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Building a cheap gaming PC. (to expand in the future) Suggestions?

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posted on Oct, 14 2015 @ 11:29 PM
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Hi guys, I am building a cheap PC mainly for gaming and would like some feedback and suggestions. Basically, I want to be able to play the newest games on my TV (and watch videos), but don't really care about running things at optimum settings.

I already have:

A case,
500W power supply,
2x SATA HDs,
1x IDE HD (no great loss if I don't use),
2x optical drives,
Card reader/USB ports (and a floppy drive lol)
Peripherals

...but I'm not much of a hardware buff and was wondering how well some components will work together, and where the bottlenecks would be.

So far I am looking at:

CPU: Intel Core i5-4460

GPU: Geforce GT 730

Motherboard: MSI B85M-E45

And something like 2x 8GB RAM

Availability in Australia is also a factor. (Intending to buy from PCCG)

Cheers guys!
edit on 15/10/2015 by BombDefined because: (no reason given)




posted on Oct, 14 2015 @ 11:44 PM
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My first suggestion is to invest in a larger power supply to allow for the planned obsolescence and ever more speedy (power necessary cards). Everything else can be purchased cheaply as used or NOS (New Old Stock) components as they make themselves available.



posted on Oct, 14 2015 @ 11:45 PM
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Dude I wouldn't even bother with a 730... get a 750 ti at the very least. A very cheap alternative option is to get an APU instead of a CPU. You don't have to buy a graphics card that way because the APU is a combination of a CPU and a GPU. I would look at the AMD A10 7870K or something in that range. You can also use a much smaller case if you don't need it to house a large graphics card. I haven't really checked but I'm fairly certain the A10 7870K would perform much better than having a separate 730. But don't expect it to play on high settings on modern games. The safest bet is probably a 750 ti, they are such a power efficient card you cannot really go wrong.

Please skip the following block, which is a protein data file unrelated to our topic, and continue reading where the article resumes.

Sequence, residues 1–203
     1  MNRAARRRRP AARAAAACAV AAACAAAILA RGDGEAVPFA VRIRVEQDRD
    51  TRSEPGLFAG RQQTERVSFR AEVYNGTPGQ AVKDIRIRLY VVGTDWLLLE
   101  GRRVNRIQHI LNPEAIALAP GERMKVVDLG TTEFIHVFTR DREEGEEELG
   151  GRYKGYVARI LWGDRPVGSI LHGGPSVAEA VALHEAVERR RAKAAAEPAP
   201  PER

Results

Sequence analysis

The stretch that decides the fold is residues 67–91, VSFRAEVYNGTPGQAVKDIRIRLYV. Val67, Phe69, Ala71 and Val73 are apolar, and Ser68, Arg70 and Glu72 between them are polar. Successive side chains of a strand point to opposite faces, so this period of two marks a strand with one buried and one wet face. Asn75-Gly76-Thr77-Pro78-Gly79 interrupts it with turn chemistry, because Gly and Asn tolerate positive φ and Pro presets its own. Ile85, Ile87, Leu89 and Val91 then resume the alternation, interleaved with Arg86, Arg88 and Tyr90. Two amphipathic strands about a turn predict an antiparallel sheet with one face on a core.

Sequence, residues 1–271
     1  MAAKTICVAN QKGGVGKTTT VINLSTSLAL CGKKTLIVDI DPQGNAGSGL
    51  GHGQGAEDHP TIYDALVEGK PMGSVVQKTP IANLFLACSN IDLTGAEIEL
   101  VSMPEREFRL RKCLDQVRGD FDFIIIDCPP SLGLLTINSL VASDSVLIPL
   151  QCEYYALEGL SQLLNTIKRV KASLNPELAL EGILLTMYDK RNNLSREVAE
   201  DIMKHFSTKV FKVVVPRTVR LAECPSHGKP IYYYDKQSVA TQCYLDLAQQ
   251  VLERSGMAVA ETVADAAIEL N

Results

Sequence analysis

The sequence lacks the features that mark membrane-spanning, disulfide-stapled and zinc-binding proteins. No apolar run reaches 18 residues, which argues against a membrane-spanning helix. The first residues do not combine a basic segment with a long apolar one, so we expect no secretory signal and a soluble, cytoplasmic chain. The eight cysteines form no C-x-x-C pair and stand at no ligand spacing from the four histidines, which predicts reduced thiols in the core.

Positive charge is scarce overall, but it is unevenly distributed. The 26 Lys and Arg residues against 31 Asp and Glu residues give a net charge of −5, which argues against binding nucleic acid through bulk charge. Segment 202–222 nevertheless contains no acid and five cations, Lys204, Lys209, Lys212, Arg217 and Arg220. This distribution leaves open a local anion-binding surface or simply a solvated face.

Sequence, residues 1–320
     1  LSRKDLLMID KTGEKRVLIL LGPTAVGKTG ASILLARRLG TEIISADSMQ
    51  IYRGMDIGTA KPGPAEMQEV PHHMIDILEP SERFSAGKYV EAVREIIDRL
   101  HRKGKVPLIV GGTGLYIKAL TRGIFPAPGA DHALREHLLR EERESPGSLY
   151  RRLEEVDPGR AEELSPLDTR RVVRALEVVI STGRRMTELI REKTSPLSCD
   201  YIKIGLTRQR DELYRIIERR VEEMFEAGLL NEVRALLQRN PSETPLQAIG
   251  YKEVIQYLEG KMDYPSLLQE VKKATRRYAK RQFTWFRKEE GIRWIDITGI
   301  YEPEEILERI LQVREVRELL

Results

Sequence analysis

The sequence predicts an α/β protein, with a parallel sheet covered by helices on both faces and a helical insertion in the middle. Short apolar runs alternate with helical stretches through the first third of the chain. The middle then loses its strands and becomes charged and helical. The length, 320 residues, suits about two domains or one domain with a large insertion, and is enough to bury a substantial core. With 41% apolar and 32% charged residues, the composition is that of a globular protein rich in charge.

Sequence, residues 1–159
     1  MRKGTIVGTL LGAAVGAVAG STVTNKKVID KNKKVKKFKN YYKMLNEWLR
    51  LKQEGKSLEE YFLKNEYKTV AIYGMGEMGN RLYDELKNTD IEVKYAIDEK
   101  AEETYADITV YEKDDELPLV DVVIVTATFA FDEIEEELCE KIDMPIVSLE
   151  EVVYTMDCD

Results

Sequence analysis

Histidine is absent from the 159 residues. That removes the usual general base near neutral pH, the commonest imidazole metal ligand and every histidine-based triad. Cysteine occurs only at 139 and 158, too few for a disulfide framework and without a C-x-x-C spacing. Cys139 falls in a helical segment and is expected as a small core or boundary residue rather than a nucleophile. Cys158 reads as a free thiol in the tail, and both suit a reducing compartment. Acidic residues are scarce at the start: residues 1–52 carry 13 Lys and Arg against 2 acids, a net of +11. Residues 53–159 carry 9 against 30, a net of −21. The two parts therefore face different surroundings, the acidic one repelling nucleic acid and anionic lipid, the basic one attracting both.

EDIT: also keep in mind that if you do go the APU route you should also get very fast RAM because the system memory is used in place of dedicated graphics memory. You can get a huge boost in performance by choosing the right RAM and also by using a SSD instead of a HDD.
edit on 15/10/2015 by ChaoticOrder because: (no reason given)



posted on Oct, 14 2015 @ 11:49 PM
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a reply to: BombDefined

Can't help with tech advice but there's a site for parts that are rated by users, there's also a forum.

pcpartpicker.com...



posted on Oct, 14 2015 @ 11:50 PM
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originally posted by: notmyrealname
My first suggestion is to invest in a larger power supply to allow for the planned obsolescence and ever more speedy (power necessary cards). Everything else can be purchased cheaply as used or NOS (New Old Stock) components as they make themselves available.


I totally agree about the power supply. 500w is way under powered for a gaming PC especially with any kind of expansions.



posted on Oct, 15 2015 @ 12:04 AM
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a reply to: notmyrealname

a reply to: Metallicus

Cheers guys.

Just to check though, would my current power supply work for that theoretical setup and I replace it at a later date when i expand?
edit on 15/10/2015 by BombDefined because: (no reason given)



Also, this website seems to say 500W is enough.